Our emails just crossed!

Agree that multiple inheritance can get messy and Python's 'super' is error prone, but forcing a "has-a" relation here means that I should activate the Process object from the constructor of Resource.  It would make more sense to leave the activation and the rest of the Process interface to the user of MyMachine, isn't it?

On Sun, Oct 17, 2010 at 11:46 AM, Klaus Muller <kgmuller@xs4all.nl> wrote:
Lorenzo,
I don't like multiple inheritance (in Python or elsewhere). It is messy.

I would model this machine not by "is-a" Resource and Process (inheritance), but by "has-a" (composition), like so:

class Machine(Resource):
   class MachineProcess(Process):
       def __init__(self, owner):
           self.owner = owner

       def ACTIONS(self):
           etc.

   def __init__(self, res):
       self.mp = MachineProcess(self)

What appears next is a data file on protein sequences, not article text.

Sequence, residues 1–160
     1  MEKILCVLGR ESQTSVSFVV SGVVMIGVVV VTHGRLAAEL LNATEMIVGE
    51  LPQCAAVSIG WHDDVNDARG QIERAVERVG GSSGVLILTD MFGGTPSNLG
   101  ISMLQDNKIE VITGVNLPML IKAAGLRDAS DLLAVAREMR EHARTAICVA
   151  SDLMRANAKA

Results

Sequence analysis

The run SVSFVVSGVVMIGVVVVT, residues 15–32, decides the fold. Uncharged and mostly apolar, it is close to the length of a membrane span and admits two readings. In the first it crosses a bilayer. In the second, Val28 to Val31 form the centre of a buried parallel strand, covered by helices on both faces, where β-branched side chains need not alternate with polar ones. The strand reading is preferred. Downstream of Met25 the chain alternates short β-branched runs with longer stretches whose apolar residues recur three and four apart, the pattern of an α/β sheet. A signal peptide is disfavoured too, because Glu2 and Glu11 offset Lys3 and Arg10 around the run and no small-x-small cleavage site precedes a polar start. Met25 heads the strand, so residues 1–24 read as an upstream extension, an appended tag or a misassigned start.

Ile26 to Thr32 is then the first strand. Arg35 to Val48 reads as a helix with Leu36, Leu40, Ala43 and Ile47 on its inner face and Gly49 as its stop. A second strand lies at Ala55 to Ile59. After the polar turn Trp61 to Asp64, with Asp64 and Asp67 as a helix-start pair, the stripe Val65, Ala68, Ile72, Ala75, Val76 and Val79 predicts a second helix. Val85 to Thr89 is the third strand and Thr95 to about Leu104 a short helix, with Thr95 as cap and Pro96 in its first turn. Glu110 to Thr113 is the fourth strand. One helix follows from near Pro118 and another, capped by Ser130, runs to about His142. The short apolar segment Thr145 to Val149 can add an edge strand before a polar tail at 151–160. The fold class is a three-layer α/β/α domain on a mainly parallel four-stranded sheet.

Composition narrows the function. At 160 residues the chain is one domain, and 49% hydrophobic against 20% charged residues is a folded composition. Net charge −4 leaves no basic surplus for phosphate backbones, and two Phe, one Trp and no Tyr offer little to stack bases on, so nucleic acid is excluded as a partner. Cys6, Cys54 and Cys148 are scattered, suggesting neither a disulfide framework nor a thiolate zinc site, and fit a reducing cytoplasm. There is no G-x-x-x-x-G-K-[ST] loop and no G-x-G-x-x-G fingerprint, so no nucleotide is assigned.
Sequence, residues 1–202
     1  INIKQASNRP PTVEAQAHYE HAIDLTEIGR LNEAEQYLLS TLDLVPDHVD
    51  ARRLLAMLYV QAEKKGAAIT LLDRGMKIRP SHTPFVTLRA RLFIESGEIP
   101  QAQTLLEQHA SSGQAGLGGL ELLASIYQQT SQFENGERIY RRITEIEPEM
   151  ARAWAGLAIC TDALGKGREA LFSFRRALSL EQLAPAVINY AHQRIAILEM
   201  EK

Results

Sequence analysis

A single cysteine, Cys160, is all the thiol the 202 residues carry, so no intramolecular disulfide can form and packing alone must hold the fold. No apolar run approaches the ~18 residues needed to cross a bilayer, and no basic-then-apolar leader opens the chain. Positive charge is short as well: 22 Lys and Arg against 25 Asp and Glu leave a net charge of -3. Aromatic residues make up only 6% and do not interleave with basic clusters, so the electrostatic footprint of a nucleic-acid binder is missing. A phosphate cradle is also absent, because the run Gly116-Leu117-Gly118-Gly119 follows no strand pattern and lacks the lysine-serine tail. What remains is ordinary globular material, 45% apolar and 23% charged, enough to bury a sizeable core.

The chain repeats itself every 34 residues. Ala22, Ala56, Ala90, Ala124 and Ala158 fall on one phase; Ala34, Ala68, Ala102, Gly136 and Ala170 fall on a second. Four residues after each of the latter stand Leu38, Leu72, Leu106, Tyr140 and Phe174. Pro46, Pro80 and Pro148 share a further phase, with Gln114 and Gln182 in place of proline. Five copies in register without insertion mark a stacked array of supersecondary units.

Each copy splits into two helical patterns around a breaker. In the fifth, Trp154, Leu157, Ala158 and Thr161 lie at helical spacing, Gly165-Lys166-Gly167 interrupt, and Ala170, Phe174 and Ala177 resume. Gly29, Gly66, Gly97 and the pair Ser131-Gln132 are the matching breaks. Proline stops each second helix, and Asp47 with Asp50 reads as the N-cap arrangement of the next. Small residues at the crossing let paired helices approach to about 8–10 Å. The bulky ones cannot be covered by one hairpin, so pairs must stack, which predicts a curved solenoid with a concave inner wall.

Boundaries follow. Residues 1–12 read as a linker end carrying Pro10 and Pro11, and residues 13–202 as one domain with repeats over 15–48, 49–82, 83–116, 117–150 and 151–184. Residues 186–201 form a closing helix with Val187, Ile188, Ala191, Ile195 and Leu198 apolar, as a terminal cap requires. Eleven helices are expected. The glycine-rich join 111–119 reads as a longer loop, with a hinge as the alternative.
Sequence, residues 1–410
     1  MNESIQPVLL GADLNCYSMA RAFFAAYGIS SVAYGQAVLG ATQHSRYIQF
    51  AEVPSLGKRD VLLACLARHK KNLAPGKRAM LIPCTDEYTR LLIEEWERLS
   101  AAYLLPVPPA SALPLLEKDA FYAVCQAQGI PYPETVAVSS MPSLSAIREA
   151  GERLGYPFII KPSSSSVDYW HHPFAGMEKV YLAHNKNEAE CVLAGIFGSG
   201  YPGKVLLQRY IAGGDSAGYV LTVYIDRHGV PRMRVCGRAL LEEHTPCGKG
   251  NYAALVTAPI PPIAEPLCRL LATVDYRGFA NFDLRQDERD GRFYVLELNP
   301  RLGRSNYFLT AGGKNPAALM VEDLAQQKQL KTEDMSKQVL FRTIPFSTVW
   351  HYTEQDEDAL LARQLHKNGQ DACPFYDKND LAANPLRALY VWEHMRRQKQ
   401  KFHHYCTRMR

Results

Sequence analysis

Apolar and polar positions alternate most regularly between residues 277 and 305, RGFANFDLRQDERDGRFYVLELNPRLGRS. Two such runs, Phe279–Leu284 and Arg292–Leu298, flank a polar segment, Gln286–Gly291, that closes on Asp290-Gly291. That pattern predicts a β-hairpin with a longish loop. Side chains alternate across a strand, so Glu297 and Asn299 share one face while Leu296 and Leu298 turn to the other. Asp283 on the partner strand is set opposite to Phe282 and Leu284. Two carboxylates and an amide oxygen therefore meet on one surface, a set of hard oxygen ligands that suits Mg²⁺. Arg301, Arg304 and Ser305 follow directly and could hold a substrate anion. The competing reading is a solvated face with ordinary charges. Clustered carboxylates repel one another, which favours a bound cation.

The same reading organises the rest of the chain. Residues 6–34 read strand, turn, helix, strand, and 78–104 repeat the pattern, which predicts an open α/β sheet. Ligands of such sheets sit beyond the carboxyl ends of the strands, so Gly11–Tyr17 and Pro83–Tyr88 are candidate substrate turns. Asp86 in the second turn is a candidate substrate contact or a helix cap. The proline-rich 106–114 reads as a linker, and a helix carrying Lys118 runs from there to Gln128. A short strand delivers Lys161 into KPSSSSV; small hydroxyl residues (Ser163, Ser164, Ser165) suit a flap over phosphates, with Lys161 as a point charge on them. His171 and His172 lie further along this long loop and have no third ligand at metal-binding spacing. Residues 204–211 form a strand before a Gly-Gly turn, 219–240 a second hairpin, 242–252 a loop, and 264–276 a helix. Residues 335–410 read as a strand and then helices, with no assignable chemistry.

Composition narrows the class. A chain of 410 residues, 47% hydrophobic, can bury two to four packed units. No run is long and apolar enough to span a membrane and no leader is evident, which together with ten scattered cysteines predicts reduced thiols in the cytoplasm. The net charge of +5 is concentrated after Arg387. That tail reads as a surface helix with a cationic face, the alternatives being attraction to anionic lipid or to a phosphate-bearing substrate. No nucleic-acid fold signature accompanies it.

activate(self.mp)


This approach even allows multiple processes to be associated with the same Resource, e.g. a usage process and a repair process. You get the idea.

What dou you think?

Klaus Müller


Sent from my iPad

On 17.10.2010, at 10:29, Lorenzo Di Gregorio <lorenzo.digregorio@gmail.com> wrote:

> Hi,
>
> I would like to model a set of processes which exclusively access a resource to store items into it.  Furthermore, this resource has a process which consumes the stored items.
> One clean way to model the resource with a process seems to me to inherit both Resource and Process, like:
>
> class MyMachine(Resource,Process):
>     def __init__(self,*args,**kwargs):
>         super(Resource,self).__init__(*args,**kwargs)
>         super(Process,self).__init__(*args,**kwargs)
>         <MyCodeHere>
>         return
>
>     def ACTIONS(self):
>         <MyCodeHere>
>
> Using *args and **kwargs solves some problems with Python's multiple inheritance and 'super', but *args and **kwargs cause an error if Resource and Process get passed arguments they do not know about, because they do not include these catchalls.  On the other hand, it would be more portable to avoid naming all arguments explicitly within the 'super' statements.
>
> How would you do this?
>
> Best Regards,
> Lorenzo
>
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